City Still Intent on Building Texas Horse Park, Now With Two Nonprofits On Board

Categories: City Hall

Like oh so many other things included in the Trinity River corridor project, the Texas Horse Park has not yet come to pass. The 500-acre equestrian center was supposed to have opened four years ago last month but was delayed when it became clear that city's private-sector partner in the venture, Texas Horse Park Inc., had raised just $1 million. That was a tad bit shy of the $15 million it had promised as a match to the city's bond expenditures.

The lack of private-sector support maybe should have killed the project, but it didn't. It wasn't until earlier this year, however, that the park re-emerged in slightly altered form when the city began looking for an outside entity to develop and manage the park at no cost to the city.

The City Council will learn Wednesday about the fruits of the search. It seems that there are two nonprofits, Equest and River Ranch Educational Charities, which are nearing agreements with the city to use the Texas Horse Park. The former is a horse therapy center in Wylie that treats kids and adults with developmental disabilities; the latter is a group dedicated to exposing underprivileged families to nature. SMU's equestrian team also is apparently considering using the space, though that deal is less certain.

Equest and River Ranch would use the park rent-free, the former to provide therapy, the latter to sell trail rides and the like to the public as a means of funding its charitable work. In return, the groups would agree to maintain the site and pledge a certain level of community services. River Ranch, for example, would be required to offer free trail and pony rides on specified days to the general public. Space for SMU would be reserved in case the school decides it wants it. Texas Horse Park Inc. would become more of a "friends" group, raising money to help cover operating costs and future expansion.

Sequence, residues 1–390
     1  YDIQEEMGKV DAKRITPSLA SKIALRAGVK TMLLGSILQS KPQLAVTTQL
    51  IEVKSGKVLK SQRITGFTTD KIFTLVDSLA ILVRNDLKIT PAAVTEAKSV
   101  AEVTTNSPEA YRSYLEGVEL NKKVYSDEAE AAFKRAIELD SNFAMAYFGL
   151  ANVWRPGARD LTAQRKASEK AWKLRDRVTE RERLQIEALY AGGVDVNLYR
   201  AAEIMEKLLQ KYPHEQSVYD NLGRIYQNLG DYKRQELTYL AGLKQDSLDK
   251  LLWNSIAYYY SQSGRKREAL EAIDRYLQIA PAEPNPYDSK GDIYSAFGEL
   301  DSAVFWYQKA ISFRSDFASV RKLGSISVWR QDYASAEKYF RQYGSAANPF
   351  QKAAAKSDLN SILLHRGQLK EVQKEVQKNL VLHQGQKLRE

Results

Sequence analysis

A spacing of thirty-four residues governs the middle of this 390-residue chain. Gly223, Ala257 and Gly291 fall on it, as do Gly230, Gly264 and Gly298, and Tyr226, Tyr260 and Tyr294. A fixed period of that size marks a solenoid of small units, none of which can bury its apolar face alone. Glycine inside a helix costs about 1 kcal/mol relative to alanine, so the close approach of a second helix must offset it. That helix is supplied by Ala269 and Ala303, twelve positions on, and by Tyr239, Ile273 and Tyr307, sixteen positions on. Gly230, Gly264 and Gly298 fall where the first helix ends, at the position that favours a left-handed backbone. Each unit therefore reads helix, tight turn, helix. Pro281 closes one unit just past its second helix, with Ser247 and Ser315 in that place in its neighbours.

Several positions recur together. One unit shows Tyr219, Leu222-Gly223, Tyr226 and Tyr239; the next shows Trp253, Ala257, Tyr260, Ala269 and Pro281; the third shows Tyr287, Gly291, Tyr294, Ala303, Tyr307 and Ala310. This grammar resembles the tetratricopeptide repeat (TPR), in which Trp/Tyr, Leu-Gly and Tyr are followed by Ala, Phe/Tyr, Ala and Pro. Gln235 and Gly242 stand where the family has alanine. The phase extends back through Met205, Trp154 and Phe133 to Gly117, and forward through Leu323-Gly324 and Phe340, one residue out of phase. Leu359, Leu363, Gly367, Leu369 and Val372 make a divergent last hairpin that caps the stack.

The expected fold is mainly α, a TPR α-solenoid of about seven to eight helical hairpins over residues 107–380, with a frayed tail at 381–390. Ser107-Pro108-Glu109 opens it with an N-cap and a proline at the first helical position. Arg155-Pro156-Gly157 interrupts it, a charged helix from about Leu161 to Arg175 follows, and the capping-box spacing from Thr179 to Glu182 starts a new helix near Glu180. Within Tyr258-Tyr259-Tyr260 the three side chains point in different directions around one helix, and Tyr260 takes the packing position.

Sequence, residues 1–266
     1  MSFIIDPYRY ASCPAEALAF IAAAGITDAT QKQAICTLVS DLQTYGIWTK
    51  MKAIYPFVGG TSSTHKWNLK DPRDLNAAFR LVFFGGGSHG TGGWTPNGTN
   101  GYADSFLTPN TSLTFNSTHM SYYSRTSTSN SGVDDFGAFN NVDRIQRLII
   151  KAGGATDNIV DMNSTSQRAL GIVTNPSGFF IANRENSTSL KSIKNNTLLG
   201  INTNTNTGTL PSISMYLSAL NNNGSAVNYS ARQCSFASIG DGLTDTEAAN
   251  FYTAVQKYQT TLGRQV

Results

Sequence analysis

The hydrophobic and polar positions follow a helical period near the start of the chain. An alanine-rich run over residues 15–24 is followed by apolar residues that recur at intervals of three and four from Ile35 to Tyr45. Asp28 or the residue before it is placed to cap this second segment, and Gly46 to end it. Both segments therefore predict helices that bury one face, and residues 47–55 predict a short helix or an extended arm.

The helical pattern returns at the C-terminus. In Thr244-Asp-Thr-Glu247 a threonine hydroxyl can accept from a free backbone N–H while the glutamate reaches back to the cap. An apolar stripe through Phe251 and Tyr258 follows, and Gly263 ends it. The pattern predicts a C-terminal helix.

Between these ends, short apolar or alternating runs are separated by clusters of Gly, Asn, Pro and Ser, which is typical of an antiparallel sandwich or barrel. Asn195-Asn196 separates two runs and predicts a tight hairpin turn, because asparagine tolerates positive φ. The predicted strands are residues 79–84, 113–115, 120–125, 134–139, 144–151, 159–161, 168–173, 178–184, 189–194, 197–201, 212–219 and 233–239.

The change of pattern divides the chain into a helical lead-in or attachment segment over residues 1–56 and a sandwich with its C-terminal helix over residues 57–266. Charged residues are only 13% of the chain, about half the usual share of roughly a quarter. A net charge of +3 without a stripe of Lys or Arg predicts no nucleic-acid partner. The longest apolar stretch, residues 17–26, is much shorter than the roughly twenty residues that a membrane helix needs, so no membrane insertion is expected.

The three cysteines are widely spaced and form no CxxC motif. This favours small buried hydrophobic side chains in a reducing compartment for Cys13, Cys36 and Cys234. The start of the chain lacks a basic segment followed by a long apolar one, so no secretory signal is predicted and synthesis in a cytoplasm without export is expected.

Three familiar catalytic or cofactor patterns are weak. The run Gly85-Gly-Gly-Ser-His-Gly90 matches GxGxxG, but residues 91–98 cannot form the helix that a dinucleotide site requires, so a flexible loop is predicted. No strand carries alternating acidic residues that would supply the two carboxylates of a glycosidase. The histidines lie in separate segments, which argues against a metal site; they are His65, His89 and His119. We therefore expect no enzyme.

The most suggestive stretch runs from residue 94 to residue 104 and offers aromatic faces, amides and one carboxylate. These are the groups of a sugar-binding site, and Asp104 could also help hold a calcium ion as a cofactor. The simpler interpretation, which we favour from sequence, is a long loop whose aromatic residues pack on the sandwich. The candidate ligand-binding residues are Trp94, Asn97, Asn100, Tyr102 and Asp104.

The proposal puts the burden of paying for the park squarely on the city. Wednesday's briefing repeatedly stresses that the city will not fund the nonprofits' operating costs, but it will have to pony up $12 million from a 2006 bond package to build arenas, stalls, fenced pastures and otherwise develop the site.

That's a lot of money to pour into a project that will serve Equest's150 patients and however many Dallasites want to pay River Ranch for a trail ride. The hope is that the park will continue to develop and become an economic boon that brings in dollars but, per a city-sponsored economic impact study, that's not going to happen.

District 11 park board member Lee Kleinman sent a letter to council members urging them to oppose moving the project forward. The reason there was so little private investment is because few people have any use for a horse park, he argues. The money would be much better spent building two to three "modern, year round, aquatic facilit(ies)" that would serve thousands of people.

But the horse park does still have two things going for it: the adjective "world-class" and the opportunity to watch Mayor Mike Rawlings ride a pony, both of which are priceless.

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When will the city stop developing projects like the THP in the Great Trinity Forest to just "piss off" the environmentalist and nature enthusiasts that desire and advocate for the conservation of the GTF and it's peripheries?  Another 500 acres will be gone.  This was surely the mind set of the 'North Dallas' women that originally started the THP concept with BRW and encouraged by the city from their promises of private sector funding.  About a decade ago, the original THP private sector ladies bs'd about coming up with $15 million, never really meant to come up with the funds, then, when it came time to ante up the $$ they left town or withdrew, leaving the city to pay for all the meetings and planning.  Now, the city (TRCPO), with it's lack of creativity wants to carry on with the same concept and pay for it with 2006 bond money that I'm sure was not detailed in the bond package. This type of vindictive leadership is so petty and so indicative of the TRCPO (Trinity River Corridor Project Office) and the city in general.  We need the THP like we needed the "Standing Wave," now that is truly World Class, oh, I forgot, it isn't even open after $6 million.